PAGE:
It happened again. Another domestic power interruption and another corrupt redolog. It seems like the VMware code is badly enough designed that it leaves open such windows. It should come with a product warning that says "do not use unless you have 100% backup power". Every couple of months I am wasting hours or days rebuilding damaged machines.
So, to start with the simple stuff, I tried to create a snapshot and then delete all snapshots. Creating was no problem. Deleting all was a problem. It got to 95% and timed out in 15 minutes. I tried twice. The snapshot manager first thought the snapshot was still there, but after the second attempt it appears to be gone. Restarting the guest gets started OK then issues the corrupt redolog message again and cancels.
So what does the vmfs think is there?
/vmfs/volumes/4ab6c4ff-de1e6ea7-d316-0024e8734364/User # ls -al
drwxr-xr-x 1 root root 3220 Jul 1 16:20 .
drwxr-xr-t 1 root root 3500 May 7 22:27 ..
-rw------- 1 root root 107389255680 Jul 1 16:17 User-flat.vmdk
-rw------- 1 root root 8684 Jul 1 16:11 User.nvram
-rw------- 1 root root 399 Jul 1 16:12 User.vmdk
-rw------- 1 root root 482 Jul 1 15:25 User.vmsd
-rwxr-xr-x 1 root root 2416 Jul 1 16:11 User.vmx
-rw------- 1 root root 259 Apr 5 05:06 User.vmxf
-rw------- 1 root root 20451952640 Jul 1 16:05 User_1-000001-delta.vmdk
-rw------- 1 root root 248 Jul 1 15:41 User_1-000001.vmdk
-rw------- 1 root root 216711825408 Jul 1 15:41 User_1-000002-delta.vmdk
-rw------- 1 root root 255 Jul 1 15:04 User_1-000002.vmdk
-rw------- 1 root root 17303552 Jul 1 16:16 User_1-000003-delta.vmdk
-rw------- 1 root root 255 Jul 1 16:12 User_1-000003.vmdk
-rw------- 1 root root 274877906944 Apr 3 14:44 User_1-flat.vmdk
-rw------- 1 root root 401 Jul 1 15:41 User_1.vmdk
r 1 root root 33607 Jul 1 14:29 vmware-10.log
-rw-r r 1 root root 33109 Jul 1 15:22 vmware-11.log
-rw-r r 1 root root 32550 Jun 5 03:05 vmware-6.log
-rw-r r 1 root root 40331 Jun 10 04:58 vmware-7.log
-rw-r r 1 root root 360448 Jul 1 03:38 vmware-8.log
-rw-r r 1 root root 31845 Jul 1 11:38 vmware-9.log
-rw-r r 1 root root 33914 Jul 1 16:20 vmware.log
So that indicates a disk structure that looks like this:
User.vmx C: User.vmdk + User-flat.vmdk (100 Gb) D: User_1.vmdk + User_1-flat.vmdh (256 Gb) + -000001.vmdk and -delta ( 20 Gb) + -000002.vmdk and -delta (210 Gb) + -000003.vmdk and -delta ( 17 Mb)
One of the deltas appears to be corrupted - how do I know which one?
I can edit the vmdk files to relink around the damaged one, but I lose a lot of edits in the process, don't I? Some of those I can probably recover from backups, but I'll never know for sure if I've lost anything. The bad VMware design is becoming very annoying!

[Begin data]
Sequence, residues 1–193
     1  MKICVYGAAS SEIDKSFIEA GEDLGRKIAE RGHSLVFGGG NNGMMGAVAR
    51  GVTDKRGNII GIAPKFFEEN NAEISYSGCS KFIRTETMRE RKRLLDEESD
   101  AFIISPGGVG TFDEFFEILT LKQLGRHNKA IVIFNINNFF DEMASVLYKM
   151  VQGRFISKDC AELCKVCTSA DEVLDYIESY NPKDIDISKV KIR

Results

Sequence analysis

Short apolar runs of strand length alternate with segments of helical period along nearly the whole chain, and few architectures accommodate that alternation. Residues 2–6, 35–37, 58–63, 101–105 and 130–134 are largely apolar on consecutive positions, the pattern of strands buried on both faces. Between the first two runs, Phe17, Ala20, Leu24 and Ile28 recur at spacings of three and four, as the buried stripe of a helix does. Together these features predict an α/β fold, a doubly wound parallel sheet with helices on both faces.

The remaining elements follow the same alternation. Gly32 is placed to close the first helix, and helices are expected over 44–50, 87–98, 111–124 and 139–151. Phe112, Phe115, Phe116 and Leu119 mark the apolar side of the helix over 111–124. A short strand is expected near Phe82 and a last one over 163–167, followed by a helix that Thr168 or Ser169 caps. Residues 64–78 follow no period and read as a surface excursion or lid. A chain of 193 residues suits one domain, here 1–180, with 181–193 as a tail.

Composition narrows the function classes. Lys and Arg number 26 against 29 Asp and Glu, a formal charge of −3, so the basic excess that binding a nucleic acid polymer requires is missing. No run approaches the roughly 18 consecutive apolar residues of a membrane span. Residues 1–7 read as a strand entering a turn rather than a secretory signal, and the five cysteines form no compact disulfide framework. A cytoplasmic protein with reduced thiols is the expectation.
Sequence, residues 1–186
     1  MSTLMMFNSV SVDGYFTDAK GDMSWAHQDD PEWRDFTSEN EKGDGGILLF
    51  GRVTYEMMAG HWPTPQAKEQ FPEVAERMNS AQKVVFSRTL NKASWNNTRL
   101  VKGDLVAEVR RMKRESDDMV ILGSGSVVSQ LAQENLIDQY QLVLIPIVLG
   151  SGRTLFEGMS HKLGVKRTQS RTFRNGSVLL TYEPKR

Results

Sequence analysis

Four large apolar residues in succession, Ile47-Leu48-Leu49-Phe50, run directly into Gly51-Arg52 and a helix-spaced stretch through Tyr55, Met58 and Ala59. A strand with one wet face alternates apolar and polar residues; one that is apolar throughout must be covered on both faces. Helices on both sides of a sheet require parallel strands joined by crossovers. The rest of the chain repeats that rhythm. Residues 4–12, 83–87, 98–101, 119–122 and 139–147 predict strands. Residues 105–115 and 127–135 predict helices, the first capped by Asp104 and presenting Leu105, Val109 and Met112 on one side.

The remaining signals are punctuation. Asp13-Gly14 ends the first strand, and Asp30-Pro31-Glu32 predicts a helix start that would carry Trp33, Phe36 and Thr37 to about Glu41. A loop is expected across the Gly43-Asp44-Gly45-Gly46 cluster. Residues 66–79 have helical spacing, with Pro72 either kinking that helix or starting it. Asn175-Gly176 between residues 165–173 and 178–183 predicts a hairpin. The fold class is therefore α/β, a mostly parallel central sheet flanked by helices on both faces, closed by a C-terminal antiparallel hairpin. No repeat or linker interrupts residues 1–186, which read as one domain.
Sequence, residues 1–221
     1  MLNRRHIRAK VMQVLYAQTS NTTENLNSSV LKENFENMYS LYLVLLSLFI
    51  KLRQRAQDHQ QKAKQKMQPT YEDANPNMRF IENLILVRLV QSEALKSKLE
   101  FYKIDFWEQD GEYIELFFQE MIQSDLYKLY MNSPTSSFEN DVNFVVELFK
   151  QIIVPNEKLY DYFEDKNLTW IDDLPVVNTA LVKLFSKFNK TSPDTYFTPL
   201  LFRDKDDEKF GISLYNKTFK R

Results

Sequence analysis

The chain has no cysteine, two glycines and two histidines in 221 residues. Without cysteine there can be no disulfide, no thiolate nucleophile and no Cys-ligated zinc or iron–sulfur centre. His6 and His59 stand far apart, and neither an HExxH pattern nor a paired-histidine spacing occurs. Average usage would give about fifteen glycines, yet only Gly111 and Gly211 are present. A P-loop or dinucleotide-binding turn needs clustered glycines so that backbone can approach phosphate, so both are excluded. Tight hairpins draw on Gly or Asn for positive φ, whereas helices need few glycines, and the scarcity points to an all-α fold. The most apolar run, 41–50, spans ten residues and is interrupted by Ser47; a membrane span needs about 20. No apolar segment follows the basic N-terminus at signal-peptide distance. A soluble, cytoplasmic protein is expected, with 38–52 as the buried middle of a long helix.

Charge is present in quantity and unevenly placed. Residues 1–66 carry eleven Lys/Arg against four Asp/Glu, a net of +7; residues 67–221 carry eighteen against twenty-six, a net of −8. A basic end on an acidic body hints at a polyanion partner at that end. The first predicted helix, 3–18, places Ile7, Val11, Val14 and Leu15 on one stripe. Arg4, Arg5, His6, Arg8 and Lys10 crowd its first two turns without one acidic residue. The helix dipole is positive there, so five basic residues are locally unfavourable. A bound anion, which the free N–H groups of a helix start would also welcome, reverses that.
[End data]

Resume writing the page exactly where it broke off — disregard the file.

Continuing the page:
Regards - Glen
If you delete a snapshot and get a timeout after 15 minutes, you get the timeout from the vCenter server but the snapshot deletion process still runs on the ESX server. So don't try a second time and just wait untill the snapshot is gone. This can take hours. For more information see: Large snapshot delete operations time out in VirtualCenter.
To repair the corrupted VM your best bet is probably to create a new VM and restore a backup. Allthough you might lose information created after the backup, you are sure that the VM is not corrupted anymore.
If you have a lot of power interruptions I would think about an uninterruptible power supply and an emergency power system
Thanks. The snapshot was in existence for only minutes. Its deletion did, as you expected, run to completion - finally. But that did NOT do anything about the corrupted redolog. The message from VM says "if the problem still exists, you need to discard the redolog". But I have yet to find anyone who can tell me HOW to do that. It was suggested that adding a snapshot then deleting all snapshots would do it, but apparently not. Do you have any ideas?
As for the UPS ... it's a great idea. But I need one that can keep a 500W power supply running for a couple of hours in order to prevent the problem. That's a LOT of batteries! Once upon a time I used to have a UPS that had a serial cable that plugged into my Windows server. The UPS told the server to shut itself down when the remaining power in the UPS reached a configured level. That was very useful. Do you know of any product that does that to talk to a VMware host machine running ESX 3.5i?
Regards - Glen
As for the UPS ... it's a great idea. But I need one that can keep a 500W power supply running for a couple of hours in order to prevent the problem.
There are calculators for most UPS vendors like this one. For a couple of hours you would probably have to look for a generator based system, sounds kind of pricy. I would shutdown earlier.
>Once upon a time I used to have a UPS that had a serial cable that plugged into my Windows server. The UPS told the server to shut itself down when the remaining power in the UPS reached a configured level. That was very useful. Do you know of any product that does that to talk to a VMware host machine running ESX 3.5i?
Have a look into this thread or have a search for UPS and ESXi. In short, best is to use a UPS with network (IP) connection.
Have a look at this script for VM shutdown http://communities.vmware.com/docs/DOC-11902. If memory serves it is for APC but could be crafted to work with others.
As for your problem. A suggestion other than to get your VMs to shutdown before the UPS dies. If your disk controller supports a battery backed cache module add it. If you don't have a controller that supports a battery module consider getting one. Any crash where data isn't properly written to disk can cause corruption. The battery module preserves uncommitted data until power is restored.